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Abstract

Recognition of features resulting from subaerial diagenesis of young carbonate rocks is important in defining times of subaerial exposure during the diagenetic history of ancient limestones. Meteoric- water cementation and other products of subaerial diagenesis of limestones can be characterized most unequivocally in carbonate units which were deposited in the subaerial environment and subsequently remained above marine waters. Such limestones were deposited as dune ridges along the northeast coast of the Yucatán Peninsula, Mexico. Late Pleistocene calcareous dunes accumulated along the seaward edge of a platform now 5 fm below sea level off the northeast coast of Quintana Roo, and Holocene eolianites are being deposited and lithified in the same area. Consolidated late Holocene dune rock on this coast provides a missing link in the study of progressive diagenesis from unconsolidated dune sand to lithified Pleistocene eolianite.

On the basis of grain composition and geomorphic relations, the Pleistocene eolianites can be divided into three different limestones, and the Holocene eolianites can be divided into two limestones. Each eolianite represents a different diagenetic stage. Youngest Holocene rocks have about the same composition as dune and beach sands: 75-85 percent aragonite, 15-20 percent Mg calcite, and less than 5 percent low-Mg calcite. Older ridges of the younger Holocene eolianite contain as much as 22 percent low-Mg calcite. The older Holocene eolianite contains 69-84 percent aragonite and less than 5 percent Mg calcite (this eolianite is low in Mg-calcite bioclasts).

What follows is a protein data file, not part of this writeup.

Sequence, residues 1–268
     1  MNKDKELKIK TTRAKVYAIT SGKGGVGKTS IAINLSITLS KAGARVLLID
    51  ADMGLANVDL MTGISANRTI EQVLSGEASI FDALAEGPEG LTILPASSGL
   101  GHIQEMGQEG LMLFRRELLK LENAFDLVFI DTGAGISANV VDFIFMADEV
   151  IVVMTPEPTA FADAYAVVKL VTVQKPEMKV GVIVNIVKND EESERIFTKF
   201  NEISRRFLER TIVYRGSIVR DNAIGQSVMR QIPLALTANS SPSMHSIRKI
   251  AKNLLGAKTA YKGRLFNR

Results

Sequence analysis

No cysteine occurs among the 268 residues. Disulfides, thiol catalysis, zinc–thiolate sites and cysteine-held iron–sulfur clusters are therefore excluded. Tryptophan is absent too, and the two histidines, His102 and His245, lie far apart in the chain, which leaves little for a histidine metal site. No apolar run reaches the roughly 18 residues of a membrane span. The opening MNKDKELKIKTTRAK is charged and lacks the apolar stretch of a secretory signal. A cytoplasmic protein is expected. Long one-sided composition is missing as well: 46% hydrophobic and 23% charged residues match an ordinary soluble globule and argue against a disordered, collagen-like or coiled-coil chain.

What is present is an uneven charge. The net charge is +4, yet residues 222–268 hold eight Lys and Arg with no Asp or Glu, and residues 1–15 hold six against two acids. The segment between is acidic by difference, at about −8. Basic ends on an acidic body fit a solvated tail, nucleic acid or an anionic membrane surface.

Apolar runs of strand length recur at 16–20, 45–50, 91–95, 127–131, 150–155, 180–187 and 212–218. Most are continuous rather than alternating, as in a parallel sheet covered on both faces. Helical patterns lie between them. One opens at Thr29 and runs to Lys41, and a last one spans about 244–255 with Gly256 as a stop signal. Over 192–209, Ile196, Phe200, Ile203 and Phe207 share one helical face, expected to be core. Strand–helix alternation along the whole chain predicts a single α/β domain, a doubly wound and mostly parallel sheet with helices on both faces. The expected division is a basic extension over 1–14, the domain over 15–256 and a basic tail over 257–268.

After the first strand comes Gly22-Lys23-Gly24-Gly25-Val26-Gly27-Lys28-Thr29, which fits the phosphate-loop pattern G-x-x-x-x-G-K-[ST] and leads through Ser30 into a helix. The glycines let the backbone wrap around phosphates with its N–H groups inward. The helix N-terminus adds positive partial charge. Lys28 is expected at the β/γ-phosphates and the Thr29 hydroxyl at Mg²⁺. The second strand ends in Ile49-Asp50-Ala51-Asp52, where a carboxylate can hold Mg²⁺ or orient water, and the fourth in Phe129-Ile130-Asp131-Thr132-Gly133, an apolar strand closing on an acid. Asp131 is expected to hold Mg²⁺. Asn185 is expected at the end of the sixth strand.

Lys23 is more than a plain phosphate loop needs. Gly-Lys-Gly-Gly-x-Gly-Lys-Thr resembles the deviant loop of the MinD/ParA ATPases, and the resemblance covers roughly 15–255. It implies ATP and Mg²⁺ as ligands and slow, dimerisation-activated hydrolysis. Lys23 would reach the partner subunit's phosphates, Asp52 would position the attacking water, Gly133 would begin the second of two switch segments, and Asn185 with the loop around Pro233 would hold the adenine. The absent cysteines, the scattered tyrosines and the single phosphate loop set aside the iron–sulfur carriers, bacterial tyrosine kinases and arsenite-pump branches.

The youngest Pleistocene eolianite originally contained as much as 45 percent Mg calcite, and there is high retention of Mg calcite in some beds. Several samples contain 20-32 percent Mg calcite (12-14 mole percent MgCO3); some samples have no Mg calcite. Aragonite ranges from 45 to 65 percent. The second youngest Pleistocene eolianite has 48-75 percent aragonite and less than 5 percent Mg calcite. The oldest eolianite contains 40-60 percent aragonite and less than 5 percent Mg calcite. Although there is a general trend toward calcitization of these dune rocks, each eolianite has a different route and rate of progressive diagenesis.

Cement types are important clues to the environment of early lithification of limestones. The Holocene eolianites contain grain-contact cement, microstalactitic druse, and large syntaxial overgrowths on echinoderm fragments. Finer grained layers are preferentially cemented. “Micrite envelopes” may form around grains in the vadose zone, and micro crystalline inclusions are common in sparry cement of the eolianites. Cement in the Holocene rocks is derived from a local source.

Much of the Pleistocene eolianite contains grain-skin cement in pores which contain “root-hair sheaths” and blocky spar in pores where the sheaths are absent. This fact suggests that early cementation was influenced by transpiration of dune plants. “Needle-fiber” cement is present in Pleistocene eolianites near ancient weathered surfaces. Pleistocene eolianites now immersed in the intertidal-subtidal environment are enriched in Mg calcite as a result of precipitation of Mg-calcite cement in the pores.

Laminated crusts and conglomerates containing “oolitic” and “pisolitic” bodies are developed on the weathered surfaces of the Pleistocene eolianites. Blackened “caliche-algal micrite” crusts were laid down around hypersaline lakes on Isla Mujeres.

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